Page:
Friday, May 15, 2015

Commuting stories

I've been thinking of compiling these stories, of life on two wheels commuting in traffic, for a few weeks now.  Maybe this will be short or maybe I'll add to it over time.  If I add more stories, I'll add them in here or in other posts.

Today I watched someone behind me, at a light, checking her phone.  She had to take off her glasses to do it.  I saw someone checking her phone in the same spot a couple of days ago.  I had the chance to glance in that car as she passed me (on the right, I was taking a left turn).  Her phone was conveniently located over her speedometer.  That seemed convenient.  Who needs to see your speed in city traffic anyway?

A couple of weeks ago I decided to ride through Belmont.  It's always useful to see that people put up with such horrendous traffic to live in what seems otherwise like a nice town.  Going slow, I watch a car weave at slow speeds.  I passed it on the right cautiously.  The guy driving was doing something on the phone.  I told him that texting while driving is now illegal.  He said he was looking at the map for directions.  Later that same ride, in Cambridge, I saw a women driving and texting in her expensive new Audi on her ancient flip phone.  Really?  Couldn't you get a smart phone and use the voice to text converter rather than a numeric keypad for texting?

That same week, I was waiting for the green at the first light on Somerville Ave.  A guy in a Verizon truck thanks me.  For what?  For stopping at the light.  Right, it's the law.  He said that he'd try to avoid hitting me, which I guess means that he might hit cyclists who don't stop at red lights.

Three weeks ago I was riding on Webster towards Cambridge St at Prospect.  I was riding through the intersection and saw a car that might be gunning for a left turn in front of me.  But I closed the gap with a van in front of me and went through protected.  The car eventually went through nearly cutting off a cyclist behind me.  It turned out that cyclist was someone I talked with on at least a couple of occasions in the past.  I couldn't imagine talking with people in other cars when I'm driving but I get to talk with people while I'm riding.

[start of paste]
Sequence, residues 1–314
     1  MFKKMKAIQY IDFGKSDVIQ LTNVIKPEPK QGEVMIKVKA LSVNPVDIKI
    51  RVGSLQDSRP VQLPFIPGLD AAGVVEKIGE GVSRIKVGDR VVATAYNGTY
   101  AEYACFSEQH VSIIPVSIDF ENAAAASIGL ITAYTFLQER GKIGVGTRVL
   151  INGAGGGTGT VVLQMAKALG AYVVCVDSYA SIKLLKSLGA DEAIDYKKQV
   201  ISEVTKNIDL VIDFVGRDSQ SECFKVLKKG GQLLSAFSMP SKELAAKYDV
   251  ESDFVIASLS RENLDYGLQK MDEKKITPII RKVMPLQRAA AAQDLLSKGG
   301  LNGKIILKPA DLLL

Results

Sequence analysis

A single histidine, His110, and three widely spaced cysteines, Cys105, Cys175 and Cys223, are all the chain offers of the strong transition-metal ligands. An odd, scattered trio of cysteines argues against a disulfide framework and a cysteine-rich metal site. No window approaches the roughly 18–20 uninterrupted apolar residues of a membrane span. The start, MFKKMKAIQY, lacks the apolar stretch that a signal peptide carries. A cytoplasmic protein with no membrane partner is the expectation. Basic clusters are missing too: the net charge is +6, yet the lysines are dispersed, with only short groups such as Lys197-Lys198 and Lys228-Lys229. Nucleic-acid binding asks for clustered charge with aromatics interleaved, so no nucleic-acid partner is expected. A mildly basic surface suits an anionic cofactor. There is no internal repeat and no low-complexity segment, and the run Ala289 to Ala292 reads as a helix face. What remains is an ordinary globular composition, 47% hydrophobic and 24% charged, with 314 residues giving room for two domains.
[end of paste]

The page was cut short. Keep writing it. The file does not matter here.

This morning I stopped for a couple waiting at a crosswalk in Cambridge.  I yelled "STOPPING" since I couldn't brake and signal with my hand with such short notice.  I looked back and apologized for the quick stop to the 4 people behind me.  Almost in unison they all said way go, right thing to do.  Earlier in the commute a woman riding just behind thanked me for my precise signaling, not that I do anything unique.

Today on my way home I had at least two drivers stop for me instead of making me stop to avoid a right hook.  They did the right thing but it didn't stop me from thanking them.

So, there is some good, some bad.  That's life on the road, in a car or on a bike.  Just go slow and make sure you are following the rules, especially if you have 2 tons of metal surrounding you.

One thought for the Arlington police: do your texting enforcement by bicycle, undercover.  You would be amazed what you see from that vantage point.

No comments:

Post a Comment